1. What is the relationship between this and Extinction Rebellion?
Culture Declares Emergency (CDE) arose from conversations between sector practitioners supportive of, or involved in, Extinction Rebellion (XR). The CDE working group is separate from XR but is an ally, and XR offers mutual support.
2. What does it mean to join Culture Declares Emergency?
Making a declaration of emergency is an independent decision of each individual/organisation, and can be done in any way that is right for you. It means announcing your concerns and acknowledging that these are shared by a growing masses of people. It does not mean joining a group, or committing to any actions beyond your remit or limits.
3. Does declaring emergency mean promoting illegal activity?
Our legal advice (in UK law) is that making a declaration of climate emergency is not a criminal act. Dozens of councils across the political spectrum, including the Greater London Authority, Bristol and Manchester have already declared Climate Emergency: climateemergency.uk. Individuals within an institution can be seen as breaking the law (e.g. if they carry out an 'arrestable' action as part of a response to making a declaration) but this does not implicate anyone else in the institution, or the institution itself. In this toolkit we offer a range of ways that you can support your communities in the context of emergency. These do not include suggestions for disruptive actions, or Non Violent Direct Action (NVDA), as part of a declaration response. However, the template Declaration text is supportive of demands being made globally for Truth, Action and Justice, which implies acknowledging the validity of the many forms of NVDA that are being used to make these demands, particularly where democratic routes are insufficient.
4. Where is Culture Declares Emergency?This is a global movement. You can declare from anywhere in the world. The launch on April 3rd was in London and most of the first wave of declarations are by practitioners in the UK but there are no limits. You are invited to hold declaration events wherever you are. Please do register with us and let us know what you plan so that we can keep track of, and publicise the growing movement.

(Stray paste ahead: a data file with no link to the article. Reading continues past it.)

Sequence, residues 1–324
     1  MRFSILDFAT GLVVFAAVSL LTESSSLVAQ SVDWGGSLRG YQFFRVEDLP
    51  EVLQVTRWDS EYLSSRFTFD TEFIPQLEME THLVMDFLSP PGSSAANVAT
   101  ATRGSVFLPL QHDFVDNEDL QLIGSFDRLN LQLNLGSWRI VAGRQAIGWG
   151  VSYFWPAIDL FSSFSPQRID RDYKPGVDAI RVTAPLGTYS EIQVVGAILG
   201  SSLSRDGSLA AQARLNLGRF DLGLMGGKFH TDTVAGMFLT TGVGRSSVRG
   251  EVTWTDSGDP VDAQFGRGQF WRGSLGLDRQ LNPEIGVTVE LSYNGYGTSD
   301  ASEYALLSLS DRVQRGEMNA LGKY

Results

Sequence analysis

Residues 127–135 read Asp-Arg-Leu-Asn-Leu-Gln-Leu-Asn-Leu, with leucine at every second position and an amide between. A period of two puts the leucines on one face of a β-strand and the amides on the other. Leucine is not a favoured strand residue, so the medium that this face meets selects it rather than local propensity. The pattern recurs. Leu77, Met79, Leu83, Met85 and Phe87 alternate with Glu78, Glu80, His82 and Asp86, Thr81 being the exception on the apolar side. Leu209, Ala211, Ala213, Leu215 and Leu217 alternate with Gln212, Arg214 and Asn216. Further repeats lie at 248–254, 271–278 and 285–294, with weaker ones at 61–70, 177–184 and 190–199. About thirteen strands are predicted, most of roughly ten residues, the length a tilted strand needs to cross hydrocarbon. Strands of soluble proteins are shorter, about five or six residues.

5. What is Culture? Culture is seen very broadly to include:
Arts (theatre, music, visual art, literature, live art, film, dance, comedy, public art, outdoor arts, street arts, carnival arts, environmental arts etc.)
Design (craft, architecture, place-making, fashion, ecological design, product design, graphics etc.)
Museums (of science, natural history, art, history, industry, politics, eco-museums etc.)
Heritage (historic buildings, botanic gardens, landscape trusts, historic towns, archaeology, heritage crafts etc.)
Archives and Libraries (public libraries, specialist libraries, civic archives etc.)
Intangible heritage (indigenous and diaspora groups, faith organisations, sacred and healing practices, physical culture etc.)
Creative industries (digital, games, media, marketing, publishing etc.)
Learning & education (teachers, facilitators, researchers, lecturers, Public Engagement with science and research etc.)
Wellbeing and participatory practice (arts for health, therapists, socially engaged practitioners, disability arts etc.)